The Article.


Syncretism is Nothing New

Philip Jenkins, Religion Scholar and Episcopalian writes When Jesus Met Buddha.

“Yet concerns about syncretism did not bother these early Asian Christians, who called themselves Nasraye, Nazarenes, like Jesus’s earliest followers. They were comfortable associating themselves with the other great monastic and mystical religion of the time, and moreover, they believed that both lotus and cross carried similar messages about the quest for light and salvation. If these Nazarenes could find meaning in the lotus-cross, then why can’t modern Catholics, or other inheritors of the faith Jesus inspired?”

Turkish Academics Admit Genocide

About time

Robert Fisk Comments in 2007.  On 15 September 1915, for example (and a carbon of this document exists) Talaat Pasha, the Turkish Interior minister, cabled an instruction to his prefect in Aleppo about what he should do with the tens of thousands of Armenians in his city. “You have already been informed that the government… has decided to destroy completely all the indicated persons living in Turkey… Their existence must be terminated, however tragic the measures taken may be, and no regard must be paid to either age or sex, or to any scruples of conscience.” These words are almost identical to those used by Himmler to his SS killers in 1941.

A world gone Maddow

We should have learned from Jonathan Lebed.

We might have listened after we bailed out Long Term Capital Management.

Krugman argues that it’s all been Maddow.  “The pay system on Wall Street lavishly rewards the appearance of profit, even if that appearance later turns out to have been an illusion.”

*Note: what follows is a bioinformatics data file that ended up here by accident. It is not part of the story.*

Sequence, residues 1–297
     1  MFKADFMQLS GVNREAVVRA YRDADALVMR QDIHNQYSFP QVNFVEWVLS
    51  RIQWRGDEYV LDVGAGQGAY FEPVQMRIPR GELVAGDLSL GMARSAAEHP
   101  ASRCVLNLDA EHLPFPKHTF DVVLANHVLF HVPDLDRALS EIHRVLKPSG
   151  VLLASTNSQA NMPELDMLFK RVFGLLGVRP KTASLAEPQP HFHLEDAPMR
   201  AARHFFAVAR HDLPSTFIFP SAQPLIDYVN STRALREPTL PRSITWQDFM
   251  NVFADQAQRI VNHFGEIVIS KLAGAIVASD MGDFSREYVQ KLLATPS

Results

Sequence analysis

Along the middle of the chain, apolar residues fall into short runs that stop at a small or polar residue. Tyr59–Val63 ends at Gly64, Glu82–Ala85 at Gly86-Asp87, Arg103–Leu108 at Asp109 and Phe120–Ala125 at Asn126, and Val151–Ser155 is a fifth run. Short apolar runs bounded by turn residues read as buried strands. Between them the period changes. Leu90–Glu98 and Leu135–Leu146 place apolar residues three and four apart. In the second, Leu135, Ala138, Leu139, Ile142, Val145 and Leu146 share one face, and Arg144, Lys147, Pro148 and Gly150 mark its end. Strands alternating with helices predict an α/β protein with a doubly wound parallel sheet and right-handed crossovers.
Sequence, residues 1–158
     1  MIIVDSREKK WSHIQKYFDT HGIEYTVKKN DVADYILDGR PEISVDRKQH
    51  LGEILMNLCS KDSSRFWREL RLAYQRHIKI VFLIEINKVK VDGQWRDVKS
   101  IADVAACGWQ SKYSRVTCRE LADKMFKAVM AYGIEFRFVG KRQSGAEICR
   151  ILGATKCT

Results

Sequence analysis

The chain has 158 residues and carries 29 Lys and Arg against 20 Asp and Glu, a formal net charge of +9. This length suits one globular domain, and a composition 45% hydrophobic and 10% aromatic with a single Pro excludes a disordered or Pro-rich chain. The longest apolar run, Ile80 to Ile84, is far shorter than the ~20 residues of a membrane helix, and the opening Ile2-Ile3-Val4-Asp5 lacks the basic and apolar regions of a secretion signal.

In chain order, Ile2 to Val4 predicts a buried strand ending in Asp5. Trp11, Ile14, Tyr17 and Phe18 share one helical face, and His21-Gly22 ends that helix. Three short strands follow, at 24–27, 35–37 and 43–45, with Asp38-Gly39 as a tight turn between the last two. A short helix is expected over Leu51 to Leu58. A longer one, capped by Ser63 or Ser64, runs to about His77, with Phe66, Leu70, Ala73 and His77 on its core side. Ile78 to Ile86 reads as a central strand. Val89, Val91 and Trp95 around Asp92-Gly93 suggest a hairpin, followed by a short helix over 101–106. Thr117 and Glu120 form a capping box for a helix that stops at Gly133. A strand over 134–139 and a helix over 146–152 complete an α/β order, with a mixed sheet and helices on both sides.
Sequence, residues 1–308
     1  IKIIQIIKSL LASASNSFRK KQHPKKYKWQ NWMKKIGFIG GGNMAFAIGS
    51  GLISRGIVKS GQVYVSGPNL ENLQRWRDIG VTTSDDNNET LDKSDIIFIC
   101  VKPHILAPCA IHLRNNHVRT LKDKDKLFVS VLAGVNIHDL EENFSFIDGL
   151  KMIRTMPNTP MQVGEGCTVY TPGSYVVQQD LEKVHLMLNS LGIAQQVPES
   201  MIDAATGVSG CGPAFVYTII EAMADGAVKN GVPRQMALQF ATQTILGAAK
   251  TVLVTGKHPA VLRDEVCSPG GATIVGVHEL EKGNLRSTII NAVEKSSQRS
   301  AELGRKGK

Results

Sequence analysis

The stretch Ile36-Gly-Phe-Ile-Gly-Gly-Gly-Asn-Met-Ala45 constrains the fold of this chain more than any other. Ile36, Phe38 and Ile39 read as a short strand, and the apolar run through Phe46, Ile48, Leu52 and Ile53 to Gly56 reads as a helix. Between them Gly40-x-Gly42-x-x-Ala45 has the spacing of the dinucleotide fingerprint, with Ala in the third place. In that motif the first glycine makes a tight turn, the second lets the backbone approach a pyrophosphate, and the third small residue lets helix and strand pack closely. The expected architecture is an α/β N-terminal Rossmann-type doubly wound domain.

Why did this happen?  Bankers sin.  It didn’t happen in India.  Why?  Joe Nocera writes why.  One reason:  The Anti-Greenspan.  He regulated, and kept bankers to their senses.

“His name was Dr. V. Y. Reddy, and he was the governor of the Reserve Bank of India…. And in the irascible Mr. Reddy, who took office in 2003 and stepped down this past September, it had exactly the right man in the right job at the right time.

“He basically believed that if bankers were given the opportunity to sin, they would sin,” said one banker.

India’s bankers were naturally furious, just as American bankers would have been if Mr. Greenspan had be

en more active. Reddy was constraining their growth! Mr. Parekh said that while he thought Indian real estate was in bubble territory, he was still unhappy with the rules imposed by Mr. Reddy. “We thought these were harsh measures.  The bankers thought they were missing out.  Banks in the United States could post instant, short-term, profits – magically.

As Luis Miranda, who runs a private equity firm devoted to developing India’s infrastructure, put it: “We kept wondering if they had figured out something that we were too dense to figure out. It looked like they were smart and we were stupid.” Instead, India was the smart one, and we were the stupid ones.